I’m curious to know if my Elgin dentist will continue to recommend flossing. I recently saw a news broadcast that talked about a study that revealed there’s no benefit to flossing. Is this for real? If it is real, how could they continue to justify telling people to keep doing it? I feel like I’ve been duped all these years and that flossing is the biggest scam we’ll see in our lifetimes.
You’re partially right. A study came out at the end of last year that said that there is not enough evidence to prove there is a great enough benefit to recommend flossing across the board, but it’s a lot more complicated than that.
Vic, have you ever told the dentist or hygienist that you’ve been flossing when you really haven’t? A whopping 27% of the population admits to doing this and, yes, your Elgin dentist really does know when you fib about it, and not because he’s psychic, either. This statistic is highly relevant because most of the studies that have shown marginal oral health improvement after a patient begins flossing uses numbers based on self-reporting. These people said they flossed, and so they got included in the group of flossers. We don’t know if they really did, but if they’re representative of the general population, a little more than a quarter of them fibbed.
However, there were some studies done in which it was impossible to cheat. People had their teeth professionally flossed five times per week. Bingo! The prevalence of cavities between teeth dropped significantly for those folks. In all fairness, this can’t be related entirely to “cheaters.” A lot of people simply don’t know how to floss effectively, and so having a professional do it ensured that the spaces between those pearly whites were squeaky clean.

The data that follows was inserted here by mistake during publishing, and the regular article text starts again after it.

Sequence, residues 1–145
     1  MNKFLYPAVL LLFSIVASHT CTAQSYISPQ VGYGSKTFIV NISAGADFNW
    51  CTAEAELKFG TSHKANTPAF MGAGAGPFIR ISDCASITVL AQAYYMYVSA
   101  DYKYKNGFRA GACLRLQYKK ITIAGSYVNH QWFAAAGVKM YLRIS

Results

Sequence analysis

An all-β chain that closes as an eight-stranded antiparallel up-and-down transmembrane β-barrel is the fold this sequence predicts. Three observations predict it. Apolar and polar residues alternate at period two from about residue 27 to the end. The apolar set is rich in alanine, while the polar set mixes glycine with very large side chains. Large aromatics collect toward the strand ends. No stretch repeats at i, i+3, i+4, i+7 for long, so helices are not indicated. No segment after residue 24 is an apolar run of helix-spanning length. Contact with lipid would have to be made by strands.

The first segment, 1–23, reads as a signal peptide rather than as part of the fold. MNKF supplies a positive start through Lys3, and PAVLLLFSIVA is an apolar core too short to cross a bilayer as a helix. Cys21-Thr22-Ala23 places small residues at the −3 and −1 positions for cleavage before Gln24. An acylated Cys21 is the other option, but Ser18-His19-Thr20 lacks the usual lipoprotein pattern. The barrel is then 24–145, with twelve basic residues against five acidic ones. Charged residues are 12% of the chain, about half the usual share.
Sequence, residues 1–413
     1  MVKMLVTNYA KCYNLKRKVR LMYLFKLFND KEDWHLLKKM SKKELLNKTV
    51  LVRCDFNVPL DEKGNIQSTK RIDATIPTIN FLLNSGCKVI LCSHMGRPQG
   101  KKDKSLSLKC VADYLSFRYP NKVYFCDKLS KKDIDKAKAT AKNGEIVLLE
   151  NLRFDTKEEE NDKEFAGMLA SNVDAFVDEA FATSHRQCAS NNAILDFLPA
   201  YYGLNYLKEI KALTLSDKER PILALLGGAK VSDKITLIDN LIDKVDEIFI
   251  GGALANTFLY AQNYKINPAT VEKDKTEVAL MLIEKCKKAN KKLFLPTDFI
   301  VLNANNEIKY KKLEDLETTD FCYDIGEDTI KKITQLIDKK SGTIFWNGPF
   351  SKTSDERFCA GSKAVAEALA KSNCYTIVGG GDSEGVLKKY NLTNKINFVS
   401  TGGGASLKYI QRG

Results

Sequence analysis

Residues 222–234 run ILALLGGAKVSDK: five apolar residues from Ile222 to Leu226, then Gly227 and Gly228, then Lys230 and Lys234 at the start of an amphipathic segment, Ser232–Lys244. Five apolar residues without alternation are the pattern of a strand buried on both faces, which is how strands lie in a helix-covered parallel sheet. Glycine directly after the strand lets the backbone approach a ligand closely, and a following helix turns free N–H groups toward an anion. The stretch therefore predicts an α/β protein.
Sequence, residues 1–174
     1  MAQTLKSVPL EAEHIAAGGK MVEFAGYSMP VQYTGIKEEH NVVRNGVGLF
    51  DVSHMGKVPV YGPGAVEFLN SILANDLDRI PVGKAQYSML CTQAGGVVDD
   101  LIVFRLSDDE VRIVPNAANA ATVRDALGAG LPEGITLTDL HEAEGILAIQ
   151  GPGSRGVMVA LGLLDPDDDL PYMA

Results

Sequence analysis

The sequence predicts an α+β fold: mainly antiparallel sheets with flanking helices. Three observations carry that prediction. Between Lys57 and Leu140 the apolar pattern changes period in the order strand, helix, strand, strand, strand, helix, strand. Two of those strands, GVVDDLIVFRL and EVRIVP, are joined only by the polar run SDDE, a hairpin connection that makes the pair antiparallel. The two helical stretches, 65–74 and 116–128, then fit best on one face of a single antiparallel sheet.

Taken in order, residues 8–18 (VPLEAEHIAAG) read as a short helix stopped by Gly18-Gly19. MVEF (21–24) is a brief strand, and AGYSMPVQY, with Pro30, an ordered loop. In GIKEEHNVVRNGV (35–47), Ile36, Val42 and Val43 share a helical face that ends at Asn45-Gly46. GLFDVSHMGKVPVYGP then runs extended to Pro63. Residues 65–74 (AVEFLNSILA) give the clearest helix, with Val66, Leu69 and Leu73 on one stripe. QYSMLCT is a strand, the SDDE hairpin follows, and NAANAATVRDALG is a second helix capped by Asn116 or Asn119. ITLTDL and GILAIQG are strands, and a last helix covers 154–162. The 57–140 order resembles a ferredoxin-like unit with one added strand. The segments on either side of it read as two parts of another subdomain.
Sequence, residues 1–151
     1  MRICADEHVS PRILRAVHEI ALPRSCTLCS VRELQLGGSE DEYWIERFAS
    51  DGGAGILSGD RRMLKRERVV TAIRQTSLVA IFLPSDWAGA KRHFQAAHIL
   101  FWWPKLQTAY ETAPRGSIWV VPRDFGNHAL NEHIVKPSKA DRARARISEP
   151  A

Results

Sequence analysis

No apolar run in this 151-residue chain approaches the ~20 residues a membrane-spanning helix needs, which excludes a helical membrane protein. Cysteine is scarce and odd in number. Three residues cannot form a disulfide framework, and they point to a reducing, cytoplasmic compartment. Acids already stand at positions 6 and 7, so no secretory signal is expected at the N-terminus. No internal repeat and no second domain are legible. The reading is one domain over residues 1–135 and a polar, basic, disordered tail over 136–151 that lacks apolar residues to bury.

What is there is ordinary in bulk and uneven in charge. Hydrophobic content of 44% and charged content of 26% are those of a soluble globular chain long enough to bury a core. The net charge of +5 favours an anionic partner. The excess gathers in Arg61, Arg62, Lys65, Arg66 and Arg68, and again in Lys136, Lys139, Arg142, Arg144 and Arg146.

On top of this, most studies don’t account for other factors that can impact oral health. Were these people smokers, diabetics, or taking medications that can cause oral health issues? We don’t know. We do know that the group saw some improvement where gum disease was concerned, but not to the degree that a universal recommendation could be given.
The bottom line is that you should still be flossing and your Elgin dentist will undoubtedly tell you this. Hopefully, he or someone on his team will also spend some time with you showing you how to do it right, so you get the most benefit from it as well.
This blog is sponsored byElgin dentist, Dr. Steve Sirin.